|Congressional Boundaries||Drawn by hybrid politician commission|
|State Boundaries||Drawn by hybrid politician commission|
Scored Maps from the Redistricting Report Card
|Virginia 2021 Special Masters' Final State Senate Map|
|Mon Jan 03 2022|
|Virginia 2021 Special Masters' Final House of Delegates Map|
|Mon Jan 03 2022|
|Virginia 2021 Special Masters' Final Congressional Map|
|Mon Jan 03 2022|
Communities of Interest
Census-related Redistricting Timeline Delays
|Final Map Deadline||2021-11-29|
Constitutional - 60 days after Census (est 9/30)
State LegislativeAlert: Elevated
|Final Map Deadline||2021-11-14|
Constitutional - 45 days after Census (est 9/30)
|Actions Proposed in State||Keep old maps for 2022|
Starting in 2021, following voters' approval of the Redistricting Commission Amendment, Virginia's maps will be drawn by a 16-member bipartisan commission composed of 8 legislators and 8 citizens. A map must be approved by 3/4 of both the legislative and citizen members in order to pass. The General Assembly has the final vote, but it cannot amend the maps itself.
- The eight citizen commissioners have been selected.
In addition to the federal requirements of one person, one vote and the Voting Rights Act, Virginia’s state constitution (Art. II § 6) requires that state legislative and congressional districts be compact and contiguous. Furthermore, the Legislature passed identical criteria bills (SB717/HB1255) into law in 2020, which include state-level Voting Rights Act language, protections for communities of interest, and a prohibition on partisan gerrymandering when considering a map on a state-wide basis. SB717/HB1255 also ends prison gerrymandering in Virginia, requiring that prisoners are counted at their last-known residence rather than their location of incarceration.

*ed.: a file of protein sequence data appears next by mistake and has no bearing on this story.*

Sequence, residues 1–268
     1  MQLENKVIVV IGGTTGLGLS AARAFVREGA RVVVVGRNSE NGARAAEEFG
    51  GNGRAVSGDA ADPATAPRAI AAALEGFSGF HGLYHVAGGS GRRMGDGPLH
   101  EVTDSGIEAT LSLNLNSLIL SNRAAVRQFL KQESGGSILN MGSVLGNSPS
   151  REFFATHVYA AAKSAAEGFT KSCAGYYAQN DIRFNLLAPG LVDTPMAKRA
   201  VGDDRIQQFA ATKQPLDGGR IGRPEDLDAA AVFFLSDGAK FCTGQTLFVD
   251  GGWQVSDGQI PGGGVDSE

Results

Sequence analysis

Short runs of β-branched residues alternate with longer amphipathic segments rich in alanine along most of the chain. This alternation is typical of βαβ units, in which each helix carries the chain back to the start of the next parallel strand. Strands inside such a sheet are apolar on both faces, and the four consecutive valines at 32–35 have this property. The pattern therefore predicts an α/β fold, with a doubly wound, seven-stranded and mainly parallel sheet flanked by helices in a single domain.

The Virginia commission has released its 2020 redistricting website, where the public can find relevant information and contacts.
Under the new amendment, the Commission must hold at least three public hearings in different parts of the state and consider comments from the public.
In 2011, the Governor issued an executive order creating an advisory commission to solicit public input and recommend state legislative and congressional districts to the Legislature, which was able to adopt, modify, or ignore the commission's proposals. The Governor selected five citizens of each major political party to serve as commissioners, as well as an independent chair. However, the Legislature ignored the work of the commission.
The maps adopted by the Legislature in 2011 led to extensive litigation. Notably, a trial court repeatedly found the congressional maps to be drawn predominantly on the basis of race, ultimately implementing a remedial plan by a special master. Challenges to the state legislative plans were largely unsuccessful. Meanwhile, the Governor vetoed a number of mid-decade legislative redistricting plans passed by the Legislature.
This will be Virginia’s first cycle without the protections of Section 5 of the Voting Rights Act, which was struck down in the 2013 Supreme Court case Shelby County v. Holder. In the absence of preclearance requirements to protect communities of color, observers should closely monitor every step of the redistricting process to ensure fair treatment for all.
In 2021, participate in the public input process.
- Obtain Virginia redistricting data from OpenPrecincts.
- Start to plan out what defines your community – whether it’s a shared economic interest, school districts, or other social or other cultural, historical, or economic interests – and how that can be represented on a map. This will come in handy once the Legislature starts collecting feedback.
- Use software tools such as Dave's Redistricting App and Districtr to draw district maps showing either (a) what a fair map would look like, or (b) where the community you believe should be better represented is located.